Tactics And Technologies That Help Operations Work Smarter, Not Harder

Distribution center resiliency
Distribution center resiliency

Tactics And Technologies That Help Operations Work Smarter, Not Harder

If your operations include any retail e-commerce or online fulfillment tasks, events of 2020 probably have pushed you and your distribution center (DC) management team to the point of exhaustion. As if the mental and emotional strains of COVID-19 aren’t enough, you’re challenged 24/7 by erratic spikes in e-commerce order volumes and competition for faster delivery times — all while rolling out comprehensive safety measures to keep workers and consumers safe.

Whether you feel your efforts rise to the occasion or not, you can’t possibly work any harder than you have over the past 10 months. This then begs the question: How can your warehouse operations be adjusted to work smarter?

The answer lies within a variety of advanced warehouse automation technologies and software that harness existing data to create more efficient, effective and accurate operations in the face of ongoing volatility:

  1. Robotic technologies — such as palletizing/depalletizing, articulated arm picking, autonomous mobile robots (AMRs) and automated guided vehicles (AGVs) — can be integrated into a variety of repetitive processes to reduce the reliance on manual labor, increasing efficiency, accuracy and productivity. Current associates can be reallocated to more value-added tasks that better align with wage rises.
  2. Voice-enabled devices, combined with analytics software, generate advanced data collection, automated documentation and productivity insights. Operations managers can leverage this information to optimize workforce productivity while reinforcing compliance with new safety protocols.
  3. Micro-fulfillment centers (MFCs) shorten the distance between traditional fulfillment centers and consumers. Highly automated, higher-density, small-footprint MFCs can be utilized in stand-alone facilities, installed in dark stores or warehouses, or deployed within existing retail stores to address in-store, e-fulfillment models like click-and-collect or direct-to-consumer delivery.
  4. DC monitoring, control and visibility technologies help managers to continuously monitor every aspect of their facility — including personnel and assets — in real time. This enables the optimization of climate control and ventilation, occupancy flow, security and access control via a single, centralized dashboard view of key facility metrics.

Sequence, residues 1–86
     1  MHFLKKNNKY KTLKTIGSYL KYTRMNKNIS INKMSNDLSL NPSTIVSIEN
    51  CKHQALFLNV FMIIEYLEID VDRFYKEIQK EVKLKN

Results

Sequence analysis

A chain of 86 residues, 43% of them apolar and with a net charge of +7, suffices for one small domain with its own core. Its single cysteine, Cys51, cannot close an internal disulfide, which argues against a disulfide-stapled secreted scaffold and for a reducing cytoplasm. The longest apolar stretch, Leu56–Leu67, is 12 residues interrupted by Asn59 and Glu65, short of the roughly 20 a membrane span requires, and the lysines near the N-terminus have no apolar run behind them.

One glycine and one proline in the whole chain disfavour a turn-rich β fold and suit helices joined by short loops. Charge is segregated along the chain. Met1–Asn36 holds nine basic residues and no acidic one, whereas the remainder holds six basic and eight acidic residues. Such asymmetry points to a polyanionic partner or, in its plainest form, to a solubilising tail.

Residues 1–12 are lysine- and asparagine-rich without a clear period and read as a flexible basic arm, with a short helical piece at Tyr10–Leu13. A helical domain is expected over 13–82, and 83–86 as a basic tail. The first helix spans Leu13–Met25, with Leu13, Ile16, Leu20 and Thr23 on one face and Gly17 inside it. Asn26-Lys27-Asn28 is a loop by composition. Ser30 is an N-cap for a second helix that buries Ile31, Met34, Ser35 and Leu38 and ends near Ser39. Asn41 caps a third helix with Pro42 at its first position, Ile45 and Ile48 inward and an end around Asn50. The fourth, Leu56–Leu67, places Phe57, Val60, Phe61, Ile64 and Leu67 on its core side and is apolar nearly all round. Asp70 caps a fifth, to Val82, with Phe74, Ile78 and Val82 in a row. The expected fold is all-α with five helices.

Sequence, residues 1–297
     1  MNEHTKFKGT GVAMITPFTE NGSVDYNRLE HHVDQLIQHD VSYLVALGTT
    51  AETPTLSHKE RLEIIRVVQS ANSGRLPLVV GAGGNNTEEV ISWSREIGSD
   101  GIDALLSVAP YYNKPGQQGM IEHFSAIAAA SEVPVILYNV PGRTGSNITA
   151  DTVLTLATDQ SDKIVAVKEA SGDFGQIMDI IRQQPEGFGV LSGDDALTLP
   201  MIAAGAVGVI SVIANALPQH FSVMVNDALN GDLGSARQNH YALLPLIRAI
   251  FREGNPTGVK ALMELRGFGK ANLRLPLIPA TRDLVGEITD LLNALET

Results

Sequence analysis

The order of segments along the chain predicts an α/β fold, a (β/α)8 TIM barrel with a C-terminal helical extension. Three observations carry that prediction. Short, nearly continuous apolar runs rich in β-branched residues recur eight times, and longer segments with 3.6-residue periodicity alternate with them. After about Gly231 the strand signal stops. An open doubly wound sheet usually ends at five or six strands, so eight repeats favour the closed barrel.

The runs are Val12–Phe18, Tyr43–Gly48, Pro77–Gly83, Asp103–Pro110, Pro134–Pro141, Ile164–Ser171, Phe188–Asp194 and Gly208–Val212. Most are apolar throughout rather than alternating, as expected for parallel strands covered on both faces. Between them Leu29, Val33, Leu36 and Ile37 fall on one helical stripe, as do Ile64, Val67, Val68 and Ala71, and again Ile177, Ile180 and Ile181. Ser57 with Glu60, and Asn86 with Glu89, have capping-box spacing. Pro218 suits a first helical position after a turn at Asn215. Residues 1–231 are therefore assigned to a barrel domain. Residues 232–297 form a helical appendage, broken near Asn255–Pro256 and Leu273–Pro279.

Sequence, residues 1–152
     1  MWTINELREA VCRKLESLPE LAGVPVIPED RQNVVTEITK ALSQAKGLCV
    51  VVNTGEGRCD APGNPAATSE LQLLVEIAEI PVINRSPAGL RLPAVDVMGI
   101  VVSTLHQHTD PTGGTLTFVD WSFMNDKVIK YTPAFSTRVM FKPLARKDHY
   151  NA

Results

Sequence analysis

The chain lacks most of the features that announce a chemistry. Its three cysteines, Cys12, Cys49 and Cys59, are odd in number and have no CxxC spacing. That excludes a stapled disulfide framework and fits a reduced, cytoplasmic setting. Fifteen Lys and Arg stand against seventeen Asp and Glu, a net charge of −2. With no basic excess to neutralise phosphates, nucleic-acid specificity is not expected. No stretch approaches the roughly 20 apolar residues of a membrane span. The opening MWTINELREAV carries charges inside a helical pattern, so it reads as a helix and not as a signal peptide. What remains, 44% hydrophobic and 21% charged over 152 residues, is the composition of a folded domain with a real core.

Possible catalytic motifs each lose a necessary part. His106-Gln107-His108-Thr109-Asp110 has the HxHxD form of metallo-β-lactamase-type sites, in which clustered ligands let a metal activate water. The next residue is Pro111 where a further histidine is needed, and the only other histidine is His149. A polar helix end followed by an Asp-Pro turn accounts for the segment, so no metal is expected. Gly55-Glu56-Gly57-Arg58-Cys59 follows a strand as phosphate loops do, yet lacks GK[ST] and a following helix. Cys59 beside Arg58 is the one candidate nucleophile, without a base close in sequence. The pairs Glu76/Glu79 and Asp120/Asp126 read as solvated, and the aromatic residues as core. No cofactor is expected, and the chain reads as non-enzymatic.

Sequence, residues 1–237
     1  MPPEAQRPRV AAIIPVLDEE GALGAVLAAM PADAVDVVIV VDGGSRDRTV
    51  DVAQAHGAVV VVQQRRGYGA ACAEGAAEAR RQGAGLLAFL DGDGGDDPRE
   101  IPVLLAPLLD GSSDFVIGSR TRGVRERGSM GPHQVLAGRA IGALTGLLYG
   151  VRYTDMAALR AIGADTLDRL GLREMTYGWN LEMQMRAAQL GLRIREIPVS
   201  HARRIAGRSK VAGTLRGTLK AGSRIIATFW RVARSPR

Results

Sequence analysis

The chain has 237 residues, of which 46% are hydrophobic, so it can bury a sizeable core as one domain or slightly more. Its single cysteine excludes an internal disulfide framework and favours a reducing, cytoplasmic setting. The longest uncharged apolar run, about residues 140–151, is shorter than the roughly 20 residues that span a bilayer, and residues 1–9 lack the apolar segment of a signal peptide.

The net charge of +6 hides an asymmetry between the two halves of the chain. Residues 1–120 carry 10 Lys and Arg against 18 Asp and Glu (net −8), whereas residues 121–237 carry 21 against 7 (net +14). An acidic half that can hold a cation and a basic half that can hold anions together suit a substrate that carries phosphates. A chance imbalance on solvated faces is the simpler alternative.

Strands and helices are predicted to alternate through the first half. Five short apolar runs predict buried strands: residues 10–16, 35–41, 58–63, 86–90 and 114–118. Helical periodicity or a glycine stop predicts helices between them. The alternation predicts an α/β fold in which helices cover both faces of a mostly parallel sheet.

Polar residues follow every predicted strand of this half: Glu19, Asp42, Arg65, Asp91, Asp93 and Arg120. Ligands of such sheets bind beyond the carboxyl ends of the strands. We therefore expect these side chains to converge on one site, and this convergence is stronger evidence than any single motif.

5. Data-driven insights into asset performance can be gathered by implementing connected, internet of things (IoT) infrastructures and leveraging the wealth of operational data found in equipment control systems. Such a system notifies DC managers of any issues that could potentially impact operations; provides trend analysis that could predict and prevent unplanned downtime; and uncovers opportunities to drive higher asset utilization and associated system productivity levels.
  6. Intelligent warehouse execution software (WES) is capable of orchestrating nearly every aspect of the order fulfillment lifecycle: from disparate automation systems and integrated processes to labor management, workload balancing and real-time decision-making. Powered by advanced data science capabilities — such as machine-learning algorithms and artificial intelligence (AI) — it factors in all variables and gives DC managers the decision intelligence to oversee various order priorities and address dynamic fulfillment demands.

Make Your Operations Smarter

As a full-service technology provider with deep domain expertise and interdisciplinary solutions, Honeywell Intelligrated can help you to deploy solutions such as these to build intelligence into your operations. Read this On The Move article to learn more about how we can help improve your workload. 

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